Sara Hendren: The current iteration of my ramp project, Slope : Intercept, is a modular architectural kit that I’m developing with the dancer and choreographer Alice Sheppard. It’s a movable set of architectural pieces for installation in public and for play. It’s suitable for wheelchair use, dance, and play, but then it also works for scooters, bikers, kids in strollers. To me, that’s a kind of literal and hopefully metaphorical placing of needs and bodies—and our will for each other. It’s both symbolic and functional.

I also think about my friend Steve, who has advanced ALS now, diagnosed over a decade ago. He is trained as a landscape architect, and, once he got his diagnosis, he partnered with a nursing home director to dedicate a whole floor of a nursing home to people living with ALS and MS, people who have very limited mobility progressively. He now has only eye movement, [but] he rigged up this whole software system whereby he can, with eye-tracking technology, mount his wheelchair, control the HVAC and media in his room, transfer his own body to the bathroom so he can do toileting independently, open the door, and summon the elevator. But the bigger thing Steve created was an ecology of care in which he himself could live out his life, so it is not him living alone with technology. There are people who prepare his food and feed it into his mouth. He lives with nine other people in a beautiful environment where they don’t pretend they don’t need each other. They don’t pretend that their lives are easy, but they also don’t [act] like there’s no inventiveness and creativity there. Steve’s busier than ever.

ALS is hard. I think people immediately go to the debate about assisted suicide and quality of life, but if you saw him and those people, you couldn’t land at, “This is all degradation.” It’s something else. It’s more complex. So that’s what I mean about interdependency and technology, the orchestration of people and stuff and communities. It’s where I want to live.

Guernica: Where technology facilitates a relationship instead of replacing one.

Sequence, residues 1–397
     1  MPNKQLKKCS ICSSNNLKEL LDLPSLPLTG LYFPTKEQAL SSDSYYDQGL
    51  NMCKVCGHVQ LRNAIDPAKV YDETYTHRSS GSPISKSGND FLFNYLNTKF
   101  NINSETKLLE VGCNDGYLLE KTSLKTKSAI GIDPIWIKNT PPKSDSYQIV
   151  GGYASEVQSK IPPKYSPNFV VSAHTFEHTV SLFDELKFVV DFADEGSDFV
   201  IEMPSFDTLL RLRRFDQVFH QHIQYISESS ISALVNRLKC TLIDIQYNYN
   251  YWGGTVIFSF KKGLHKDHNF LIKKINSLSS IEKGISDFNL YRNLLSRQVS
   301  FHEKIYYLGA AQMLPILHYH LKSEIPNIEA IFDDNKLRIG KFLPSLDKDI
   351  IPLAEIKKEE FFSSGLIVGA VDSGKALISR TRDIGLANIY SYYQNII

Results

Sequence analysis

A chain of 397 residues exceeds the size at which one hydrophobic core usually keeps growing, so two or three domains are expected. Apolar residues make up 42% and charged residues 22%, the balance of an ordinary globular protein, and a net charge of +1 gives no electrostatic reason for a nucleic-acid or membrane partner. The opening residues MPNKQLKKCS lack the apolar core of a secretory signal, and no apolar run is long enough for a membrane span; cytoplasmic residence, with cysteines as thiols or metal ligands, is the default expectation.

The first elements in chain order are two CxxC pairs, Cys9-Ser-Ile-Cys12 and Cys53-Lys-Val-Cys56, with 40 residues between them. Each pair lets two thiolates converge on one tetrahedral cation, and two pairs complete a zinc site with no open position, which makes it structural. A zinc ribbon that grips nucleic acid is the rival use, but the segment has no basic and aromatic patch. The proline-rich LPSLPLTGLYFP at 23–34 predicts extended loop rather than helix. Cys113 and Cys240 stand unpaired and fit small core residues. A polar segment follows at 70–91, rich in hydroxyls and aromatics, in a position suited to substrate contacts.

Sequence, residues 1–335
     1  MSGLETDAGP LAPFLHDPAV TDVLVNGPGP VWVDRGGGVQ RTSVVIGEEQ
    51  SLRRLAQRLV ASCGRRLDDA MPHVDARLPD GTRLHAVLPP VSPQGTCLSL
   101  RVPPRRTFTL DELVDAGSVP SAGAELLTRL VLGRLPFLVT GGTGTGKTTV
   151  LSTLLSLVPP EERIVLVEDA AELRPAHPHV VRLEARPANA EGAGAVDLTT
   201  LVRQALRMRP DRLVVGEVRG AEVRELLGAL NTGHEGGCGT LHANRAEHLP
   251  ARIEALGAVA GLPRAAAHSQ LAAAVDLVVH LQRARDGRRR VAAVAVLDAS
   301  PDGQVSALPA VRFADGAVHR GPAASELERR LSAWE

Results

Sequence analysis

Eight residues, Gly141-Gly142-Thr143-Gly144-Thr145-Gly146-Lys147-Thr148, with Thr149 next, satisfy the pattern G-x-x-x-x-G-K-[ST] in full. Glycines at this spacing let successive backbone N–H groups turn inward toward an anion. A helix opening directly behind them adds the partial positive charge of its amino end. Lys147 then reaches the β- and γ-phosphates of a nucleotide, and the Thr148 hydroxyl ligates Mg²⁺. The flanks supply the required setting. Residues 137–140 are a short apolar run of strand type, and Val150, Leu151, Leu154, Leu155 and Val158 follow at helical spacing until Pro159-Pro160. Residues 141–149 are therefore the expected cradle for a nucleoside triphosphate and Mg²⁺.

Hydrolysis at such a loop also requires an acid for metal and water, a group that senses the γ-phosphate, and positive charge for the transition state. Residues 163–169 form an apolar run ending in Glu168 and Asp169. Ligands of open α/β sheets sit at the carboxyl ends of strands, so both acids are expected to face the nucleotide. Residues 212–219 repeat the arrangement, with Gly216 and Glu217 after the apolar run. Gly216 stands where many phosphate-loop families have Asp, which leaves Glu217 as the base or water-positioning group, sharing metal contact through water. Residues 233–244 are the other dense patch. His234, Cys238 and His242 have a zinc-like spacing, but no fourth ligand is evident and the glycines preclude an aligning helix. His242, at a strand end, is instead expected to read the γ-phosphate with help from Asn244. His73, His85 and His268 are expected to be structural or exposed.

Sara Hendren: That’s right. And you have to be disciplined and specific about this stuff. Like, I’m not one of those Luddites who thinks, “Oh, everyone on their phones! It has taken things away.” I mean, this phone is transformative for my blind friends and people with limited hand [mobility]. It’s not a simple story, so I refuse, rhetorically, to be in one camp or the other.

Guernica: Part of the problem, it seems, is that we frame discussions as an either-or. You’re either a Luddite or a tech utopian, an optimist or pessimist.

Sara Hendren: This gets back to the idea that living with atypicality is a site of invention and creativity. I don’t mean that in a kind of overly sanguine way. There are hurdles too. People see disability always as a diminished form of normalcy or a form of normalcy that has to have this pathos around it. But a disabled person’s experience is as complicated as any given life. It’s got heartbreak, sadness, joy, and frustration, and every possibility and experience in it.

If you see that, then you see the invention and creativity that comes from looking at people with nonnormative experiences. If you can just strip away this freighted cultural baggage, you can get interested in what people do. The body is adaptive—that’s what we know—in every life cycle and form, always. That’s exciting to me.

Gillie Collins

Gillie Collins lives in New York City and works as an assistant editor at Guernica. Her work has appeared in The Brooklyn Rail, BOMB, and The Seventh Row.